seven years of living among the injuns.

This year will mark the seventh anniversary of my naturalization at the federal courthouse in Chattanooga. I still get this little rush every time I have an occasion to affirm my nationality–checking off “United States of America” for citizenship on a 4473, for example, or acknowledging verbally that I am an American citizen.

I did it for the first time the day I got back from the courthouse with my naturalization certificate in hand, and went straight to the town clerk’s office to register to vote and apply for a passport. So far, it hasn’t lost its thrill.

I’m not a dual citizen, by the way. According to Germany’s new citizenship rules, you have to file a formal application to keep your German citizenship when you acquire a foreign one. I didn’t have the necessary inheritance or business interests in Germany, and I didn’t want to waste the non-refundable 200-some Euro fee, so I never bothered filing the application. I still have a German passport in a drawer somewhere, but legally speaking, it’s no longer valid. If I want to visit the country of my birth for more than three months, I have to get a visa, which is kind of a weird feeling.

(The post title isn’t actually accurate–I’ve been living among the Injuns for fifteen years now. I learned their tongue, and showed great prowess in the buffalo hunt, so they made me a full member of the tribe seven years ago.)


19 thoughts on “seven years of living among the injuns.

  1. Hey, someone changed the decor around here! Nice!

    Oh, and welcome to America again!

  2. GD says:

    And we shall call you, “Dances with Munchkins”.

  3. perlhaqr says:


    Glad to have you.

    Can we, uh, make it an exchange program? I can think of some people I know that I wouldn’t mind inflicting on Europe. 🙂

  4. Paul B says:

    Welcome, white man. May you do better to us than your predessors ( other white men ).

  5. TBeck says:

    Have the wogs made you their king yet?

  6. alan says:

    Happy Anniversary, Marko.

  7. eli says:

    Wilkommen, Herr Wrangler! Eine Weile bleiben.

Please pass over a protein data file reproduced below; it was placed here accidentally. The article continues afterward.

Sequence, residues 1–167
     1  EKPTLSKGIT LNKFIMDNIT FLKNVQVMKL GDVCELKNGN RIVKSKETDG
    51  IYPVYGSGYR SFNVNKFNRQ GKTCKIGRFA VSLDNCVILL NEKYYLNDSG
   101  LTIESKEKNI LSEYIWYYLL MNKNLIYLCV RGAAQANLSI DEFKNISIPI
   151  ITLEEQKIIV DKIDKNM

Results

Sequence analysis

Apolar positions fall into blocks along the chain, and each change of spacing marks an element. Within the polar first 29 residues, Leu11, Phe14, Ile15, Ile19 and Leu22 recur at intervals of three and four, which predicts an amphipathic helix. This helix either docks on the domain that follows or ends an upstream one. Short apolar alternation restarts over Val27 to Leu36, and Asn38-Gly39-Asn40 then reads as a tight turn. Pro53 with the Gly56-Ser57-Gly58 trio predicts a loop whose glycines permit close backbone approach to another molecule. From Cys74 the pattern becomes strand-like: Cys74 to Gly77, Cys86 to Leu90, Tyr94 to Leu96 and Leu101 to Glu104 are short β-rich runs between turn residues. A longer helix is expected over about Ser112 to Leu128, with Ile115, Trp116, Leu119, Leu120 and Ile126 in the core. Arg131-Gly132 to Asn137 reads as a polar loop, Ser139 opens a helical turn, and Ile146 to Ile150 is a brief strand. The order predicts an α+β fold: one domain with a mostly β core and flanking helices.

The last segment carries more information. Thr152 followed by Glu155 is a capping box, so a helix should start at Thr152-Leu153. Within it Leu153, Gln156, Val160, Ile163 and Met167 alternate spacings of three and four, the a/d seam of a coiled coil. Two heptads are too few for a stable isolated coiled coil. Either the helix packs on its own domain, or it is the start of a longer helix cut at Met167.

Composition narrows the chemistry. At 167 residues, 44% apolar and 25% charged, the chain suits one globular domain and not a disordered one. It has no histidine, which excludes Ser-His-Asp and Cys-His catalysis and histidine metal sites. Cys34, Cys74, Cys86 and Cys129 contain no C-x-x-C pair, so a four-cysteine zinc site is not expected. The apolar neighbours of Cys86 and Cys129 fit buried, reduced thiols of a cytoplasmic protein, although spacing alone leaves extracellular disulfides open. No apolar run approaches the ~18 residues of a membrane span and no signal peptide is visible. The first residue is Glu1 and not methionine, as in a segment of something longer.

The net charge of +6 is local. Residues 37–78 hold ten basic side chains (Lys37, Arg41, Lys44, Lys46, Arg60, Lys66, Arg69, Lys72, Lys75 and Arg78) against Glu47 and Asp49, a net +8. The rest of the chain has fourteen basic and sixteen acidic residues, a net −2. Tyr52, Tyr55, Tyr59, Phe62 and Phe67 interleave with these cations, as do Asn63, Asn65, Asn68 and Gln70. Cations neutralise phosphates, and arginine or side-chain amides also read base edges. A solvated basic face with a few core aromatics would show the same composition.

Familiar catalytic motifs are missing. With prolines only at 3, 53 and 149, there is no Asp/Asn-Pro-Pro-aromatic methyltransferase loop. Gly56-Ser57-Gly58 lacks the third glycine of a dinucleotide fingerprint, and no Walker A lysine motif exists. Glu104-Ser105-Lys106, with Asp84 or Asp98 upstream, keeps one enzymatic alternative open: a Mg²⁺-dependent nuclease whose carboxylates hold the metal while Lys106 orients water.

8. joated says:

    Germany’s loss is our gain.

  9. Welcome! Glad to have you here!

  10. libertyman says:

    I am proud of you! And delighted you are here and an American. Let’s plan to celebrate soon.

  11. MaddMedic says:

    Congrats dude.

  12. Rob Reed says:

    Glad to have you here. How hard was the immigration process, btw? I know some people with horror stories and I have a friend who is a immigration lawyer who has even worse stories from clients.

  13. Lightnin' says:

    My wife never naturalized. So at 21, our son became a dual citizen and travels in Europe as a German. Handy in these times.

  14. Chris says:

    My wife never naturalized. So at 21 our son was granted dual citizenship. In Europe he uses his German passport. Safer in these times.

  15. Ancient Woodsman says:

    My ancestors settled in the Exeter area around 1664 (at least according to the deed) and as late as 1720 one was killed by natives near what is now Route 111 at about the Exeter/Kingston town line, so you may have a few decades to go before you should really get comfortable with those Indians.

    The rest of us welcome you with open arms. Your presence here in the Granite State has raised our collective classiness by noticeable points.

    Congratulations on your milestone!

  16. Happy Anniversary, Marko!
    Congratulations on choosing to be a citizen of the best country in the world. 🙂

  17. Tennessee Budd says:

    You’re a welcome addition to the tribe.

  18. Evil One says:

    As previously said, welcome.
    Good to have good people coming in.


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